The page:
DP World to offer golf’s richest first prize
When will it all end? Golfers just seem to be getting richer and richer…provided, of course, they can make it onto the world’s biggest golf tours.
Now the European Tour has hit the ‘jackpot’ button announcing a stunning 125 per cent hike in first place prizemoney for its season-ending US$8million DP World Tour Championship, Dubai, played at Jumeirah Golf Estates from November 21-24, 2019.
Willett took home US$1.33m for winning the 2018 DP World Tour Championship (Credit: DP World)
That will make it the richest prize in tournament golf with the winner to take home an incredible US$3 million.
That is up from the ‘lowly’ US$1.33m that Englishman Danny Willett took home from last year’s tournament.
And in further news that should attract an even-stronger field – if that is possible – this Rolex Series event will also feature an even more exclusive player field than before as it will be reduced from 60 to just the top 50 players on the European Tour’s Race to Dubai.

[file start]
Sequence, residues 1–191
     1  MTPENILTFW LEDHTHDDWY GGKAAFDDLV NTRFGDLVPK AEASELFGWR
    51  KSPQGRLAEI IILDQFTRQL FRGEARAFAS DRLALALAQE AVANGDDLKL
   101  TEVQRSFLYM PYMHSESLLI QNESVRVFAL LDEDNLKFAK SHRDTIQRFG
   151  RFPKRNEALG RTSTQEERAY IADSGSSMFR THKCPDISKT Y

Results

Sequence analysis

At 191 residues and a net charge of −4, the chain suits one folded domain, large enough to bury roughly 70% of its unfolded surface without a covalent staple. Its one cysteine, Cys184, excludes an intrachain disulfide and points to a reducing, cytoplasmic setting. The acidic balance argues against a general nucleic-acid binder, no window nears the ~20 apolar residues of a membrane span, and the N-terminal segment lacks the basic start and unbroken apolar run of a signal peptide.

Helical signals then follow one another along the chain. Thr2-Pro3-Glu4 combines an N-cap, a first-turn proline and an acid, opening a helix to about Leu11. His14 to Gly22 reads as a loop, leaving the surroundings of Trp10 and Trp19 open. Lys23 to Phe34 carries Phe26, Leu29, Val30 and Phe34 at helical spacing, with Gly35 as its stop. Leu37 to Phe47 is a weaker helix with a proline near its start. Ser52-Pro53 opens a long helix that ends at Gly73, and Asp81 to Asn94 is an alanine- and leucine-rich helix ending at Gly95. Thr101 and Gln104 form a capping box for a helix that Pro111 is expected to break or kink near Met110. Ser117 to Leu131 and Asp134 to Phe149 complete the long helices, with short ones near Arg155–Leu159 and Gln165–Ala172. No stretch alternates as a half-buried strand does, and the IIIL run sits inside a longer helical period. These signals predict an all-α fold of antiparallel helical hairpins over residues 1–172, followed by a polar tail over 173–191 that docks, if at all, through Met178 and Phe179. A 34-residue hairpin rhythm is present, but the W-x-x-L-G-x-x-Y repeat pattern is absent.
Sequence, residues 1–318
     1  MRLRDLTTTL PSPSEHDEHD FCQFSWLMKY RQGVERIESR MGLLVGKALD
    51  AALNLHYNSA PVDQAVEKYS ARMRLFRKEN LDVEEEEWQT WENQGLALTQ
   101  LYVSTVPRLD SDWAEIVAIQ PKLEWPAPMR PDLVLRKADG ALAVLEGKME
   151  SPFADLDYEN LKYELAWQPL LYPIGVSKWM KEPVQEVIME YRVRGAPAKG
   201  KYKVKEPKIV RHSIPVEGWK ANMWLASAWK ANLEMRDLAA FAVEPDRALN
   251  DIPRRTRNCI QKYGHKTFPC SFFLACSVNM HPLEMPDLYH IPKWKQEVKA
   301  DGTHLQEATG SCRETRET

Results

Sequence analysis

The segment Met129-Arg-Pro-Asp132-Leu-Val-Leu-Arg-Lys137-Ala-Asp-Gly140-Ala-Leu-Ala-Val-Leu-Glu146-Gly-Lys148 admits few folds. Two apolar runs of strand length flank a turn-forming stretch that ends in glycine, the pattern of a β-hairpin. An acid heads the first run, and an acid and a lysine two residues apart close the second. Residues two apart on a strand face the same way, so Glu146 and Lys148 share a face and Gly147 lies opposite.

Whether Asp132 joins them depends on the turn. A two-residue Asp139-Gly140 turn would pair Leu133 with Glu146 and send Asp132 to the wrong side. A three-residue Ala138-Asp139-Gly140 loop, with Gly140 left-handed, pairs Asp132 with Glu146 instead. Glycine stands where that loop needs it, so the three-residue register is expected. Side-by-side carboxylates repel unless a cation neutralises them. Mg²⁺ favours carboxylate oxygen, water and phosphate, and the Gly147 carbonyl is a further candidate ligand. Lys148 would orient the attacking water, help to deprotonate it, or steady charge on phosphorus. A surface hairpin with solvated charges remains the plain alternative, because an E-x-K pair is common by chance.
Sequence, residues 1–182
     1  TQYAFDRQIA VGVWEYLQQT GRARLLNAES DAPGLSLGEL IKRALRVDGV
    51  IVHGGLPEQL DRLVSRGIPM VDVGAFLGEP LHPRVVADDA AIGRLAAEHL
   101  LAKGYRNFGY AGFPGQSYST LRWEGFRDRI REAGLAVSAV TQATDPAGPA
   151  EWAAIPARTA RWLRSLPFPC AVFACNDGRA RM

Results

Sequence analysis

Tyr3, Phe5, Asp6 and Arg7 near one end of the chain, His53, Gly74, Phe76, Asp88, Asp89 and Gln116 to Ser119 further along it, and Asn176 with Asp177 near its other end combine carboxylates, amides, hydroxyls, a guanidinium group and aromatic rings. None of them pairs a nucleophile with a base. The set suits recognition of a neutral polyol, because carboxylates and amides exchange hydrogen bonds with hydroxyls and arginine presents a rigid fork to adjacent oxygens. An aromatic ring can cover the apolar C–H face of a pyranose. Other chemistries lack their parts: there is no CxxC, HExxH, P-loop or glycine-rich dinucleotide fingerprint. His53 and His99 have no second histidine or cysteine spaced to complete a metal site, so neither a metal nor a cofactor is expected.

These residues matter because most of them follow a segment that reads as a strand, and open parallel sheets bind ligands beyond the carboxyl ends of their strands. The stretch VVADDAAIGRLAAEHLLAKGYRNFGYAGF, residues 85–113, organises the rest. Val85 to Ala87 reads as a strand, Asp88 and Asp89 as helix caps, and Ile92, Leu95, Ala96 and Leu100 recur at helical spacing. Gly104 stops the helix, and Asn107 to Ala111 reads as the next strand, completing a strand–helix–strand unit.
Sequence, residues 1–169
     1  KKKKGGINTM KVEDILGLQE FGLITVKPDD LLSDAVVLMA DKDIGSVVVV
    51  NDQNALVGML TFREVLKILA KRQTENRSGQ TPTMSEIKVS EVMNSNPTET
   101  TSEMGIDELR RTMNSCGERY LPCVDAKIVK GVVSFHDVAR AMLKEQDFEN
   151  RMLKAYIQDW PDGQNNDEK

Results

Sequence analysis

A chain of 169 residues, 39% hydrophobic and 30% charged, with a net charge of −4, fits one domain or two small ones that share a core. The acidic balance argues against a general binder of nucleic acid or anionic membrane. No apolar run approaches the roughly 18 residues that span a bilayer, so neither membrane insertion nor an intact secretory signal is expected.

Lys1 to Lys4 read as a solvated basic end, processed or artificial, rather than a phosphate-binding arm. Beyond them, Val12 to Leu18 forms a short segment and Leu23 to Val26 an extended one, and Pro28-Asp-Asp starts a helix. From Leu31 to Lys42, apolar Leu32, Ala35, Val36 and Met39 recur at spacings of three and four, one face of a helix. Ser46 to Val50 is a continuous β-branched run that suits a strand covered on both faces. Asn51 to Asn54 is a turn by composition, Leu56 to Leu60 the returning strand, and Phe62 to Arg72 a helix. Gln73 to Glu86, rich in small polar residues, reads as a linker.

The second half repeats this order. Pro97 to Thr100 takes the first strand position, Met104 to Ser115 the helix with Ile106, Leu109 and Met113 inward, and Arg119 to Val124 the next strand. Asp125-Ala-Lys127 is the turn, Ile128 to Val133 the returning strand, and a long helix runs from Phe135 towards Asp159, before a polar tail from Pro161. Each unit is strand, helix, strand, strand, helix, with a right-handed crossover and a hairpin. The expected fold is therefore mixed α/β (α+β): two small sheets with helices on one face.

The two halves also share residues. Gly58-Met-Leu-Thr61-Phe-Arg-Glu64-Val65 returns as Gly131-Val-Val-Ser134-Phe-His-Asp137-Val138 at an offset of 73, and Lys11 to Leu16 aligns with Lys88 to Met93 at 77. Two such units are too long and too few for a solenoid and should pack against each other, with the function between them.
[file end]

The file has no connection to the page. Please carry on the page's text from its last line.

The creation of the largest first prize in the history of golf was one of several changes announced, including an amendment to the US$5m Race to Dubai bonus pool.
That will now be divided among the top five players in the Race to Dubai instead of the top 10, with the 2019 winner claiming US$2m, a hefty rise from the US$1.25m that Open champion Francesco Molinari took home last year.
The changes effectively mean one player could potentially leave Jumeirah Golf Estates US$5m richer if they win both the DP World Tour Championship as well as the Race to Dubai.
The two Rolex Series events preceding the DP World Tour Championship on the schedule – the Turkish Airlines Open from November 7-10 and the Nedbank Golf Challenge, presented by Gary Player from November 14-17 – have also seen their first prizes significantly increased.
The winner of the Turkish Airlines Open will now go home with US$2 million (up from the US$1.16 million won by Justin Rose in 2018); while the champion at the Nedbank Golf Challenge will receive a cheque to the tune of US$2.5 million (up from the US$1.25 million won by Lee Westwood in 2018).